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The Panama Canal

By the 1880s Congress considered a canal between the Atlantic and Pacific Oceans essential for commerce and defense, but disagreements about its location became a “Battle of the Routes.” Senator John Tyler Morgan of Alabama, head of the Committee on Inter-Oceanic Canals, wanted it in Nicaragua, near southern U.S. ports. Senator Mark Hanna of Ohio wanted to complete a canal in Panama begun by a French company. In 1904, after the U.S. militarily supported Panama’s independence from Colombia, the Senate approved a canal treaty with Panama.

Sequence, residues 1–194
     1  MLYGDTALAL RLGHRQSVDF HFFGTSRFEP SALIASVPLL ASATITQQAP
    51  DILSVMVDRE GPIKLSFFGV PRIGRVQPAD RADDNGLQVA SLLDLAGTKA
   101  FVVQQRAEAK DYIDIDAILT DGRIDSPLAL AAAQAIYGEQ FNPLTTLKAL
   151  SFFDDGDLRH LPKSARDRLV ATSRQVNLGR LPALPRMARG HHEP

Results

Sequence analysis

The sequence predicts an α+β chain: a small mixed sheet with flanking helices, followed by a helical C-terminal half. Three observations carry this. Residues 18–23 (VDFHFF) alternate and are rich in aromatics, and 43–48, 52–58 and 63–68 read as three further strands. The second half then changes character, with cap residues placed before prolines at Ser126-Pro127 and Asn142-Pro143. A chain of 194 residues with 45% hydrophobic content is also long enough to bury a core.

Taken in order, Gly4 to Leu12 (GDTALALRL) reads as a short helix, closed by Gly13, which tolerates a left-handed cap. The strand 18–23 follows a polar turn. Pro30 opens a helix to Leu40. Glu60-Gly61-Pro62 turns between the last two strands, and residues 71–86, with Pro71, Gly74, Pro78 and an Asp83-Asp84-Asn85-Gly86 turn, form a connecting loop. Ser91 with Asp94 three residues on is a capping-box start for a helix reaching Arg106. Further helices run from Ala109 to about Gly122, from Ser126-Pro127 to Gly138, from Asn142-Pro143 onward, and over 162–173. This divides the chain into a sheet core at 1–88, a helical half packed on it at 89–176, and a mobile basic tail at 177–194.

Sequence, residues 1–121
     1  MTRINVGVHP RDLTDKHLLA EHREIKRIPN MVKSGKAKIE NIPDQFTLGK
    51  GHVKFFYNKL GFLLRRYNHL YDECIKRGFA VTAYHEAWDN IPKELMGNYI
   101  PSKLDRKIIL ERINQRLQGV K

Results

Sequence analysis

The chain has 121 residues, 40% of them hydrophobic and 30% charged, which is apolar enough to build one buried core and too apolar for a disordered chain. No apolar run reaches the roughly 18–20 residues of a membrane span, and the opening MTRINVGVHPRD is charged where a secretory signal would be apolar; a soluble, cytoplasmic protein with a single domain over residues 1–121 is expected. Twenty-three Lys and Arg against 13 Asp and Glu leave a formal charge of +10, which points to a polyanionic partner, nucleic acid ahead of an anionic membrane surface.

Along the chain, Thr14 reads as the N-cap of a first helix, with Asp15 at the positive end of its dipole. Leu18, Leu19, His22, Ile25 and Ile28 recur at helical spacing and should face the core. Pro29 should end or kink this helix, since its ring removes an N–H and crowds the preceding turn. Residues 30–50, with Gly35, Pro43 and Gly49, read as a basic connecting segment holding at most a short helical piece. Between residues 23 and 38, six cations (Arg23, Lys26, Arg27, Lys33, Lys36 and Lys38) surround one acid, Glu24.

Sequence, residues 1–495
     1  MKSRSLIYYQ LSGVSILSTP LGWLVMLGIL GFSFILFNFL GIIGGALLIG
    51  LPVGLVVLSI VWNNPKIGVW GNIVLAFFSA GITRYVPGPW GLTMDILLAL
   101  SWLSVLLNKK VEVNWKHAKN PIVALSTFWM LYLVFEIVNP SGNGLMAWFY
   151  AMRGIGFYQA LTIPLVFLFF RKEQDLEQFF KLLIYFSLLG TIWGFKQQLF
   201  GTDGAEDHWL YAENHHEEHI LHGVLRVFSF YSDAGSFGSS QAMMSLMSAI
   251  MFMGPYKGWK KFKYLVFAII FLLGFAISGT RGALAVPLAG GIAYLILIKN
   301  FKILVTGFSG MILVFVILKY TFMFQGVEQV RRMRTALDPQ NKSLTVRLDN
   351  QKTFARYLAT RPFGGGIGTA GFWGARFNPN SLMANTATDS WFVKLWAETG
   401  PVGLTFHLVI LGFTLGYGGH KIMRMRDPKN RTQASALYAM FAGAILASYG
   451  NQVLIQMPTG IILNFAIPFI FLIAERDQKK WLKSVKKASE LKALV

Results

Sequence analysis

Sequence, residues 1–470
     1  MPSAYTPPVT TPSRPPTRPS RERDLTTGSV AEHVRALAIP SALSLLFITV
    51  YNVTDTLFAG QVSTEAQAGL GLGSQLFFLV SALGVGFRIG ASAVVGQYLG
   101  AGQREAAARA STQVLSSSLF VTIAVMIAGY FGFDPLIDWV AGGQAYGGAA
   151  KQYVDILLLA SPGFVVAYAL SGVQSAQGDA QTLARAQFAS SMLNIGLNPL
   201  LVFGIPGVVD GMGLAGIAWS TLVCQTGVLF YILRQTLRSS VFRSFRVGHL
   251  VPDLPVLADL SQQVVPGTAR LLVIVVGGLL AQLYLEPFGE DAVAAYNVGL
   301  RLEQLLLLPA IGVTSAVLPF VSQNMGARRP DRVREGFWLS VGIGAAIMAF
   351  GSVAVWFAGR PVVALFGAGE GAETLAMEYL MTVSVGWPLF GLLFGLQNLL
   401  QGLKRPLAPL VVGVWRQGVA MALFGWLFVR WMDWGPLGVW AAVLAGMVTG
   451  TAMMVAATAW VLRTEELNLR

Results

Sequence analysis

1 Image The Gates, Pedro Miguel Lock, lithograph by Joseph Pennell, 1912 View All Images
1 Image Nicaragua Mount Momotombo 10 centavos postage stamp, ca. 1900 View All Images
1 Image “Spanish laborers at work in Culebra Cut,” stereograph, August 1914 View All Images
1 Image Senate resolution ratifying the Hay-Bunau-Varilla Treaty, February 23... View All Images
1 Image Marcus A. Hanna, 1903 View All Images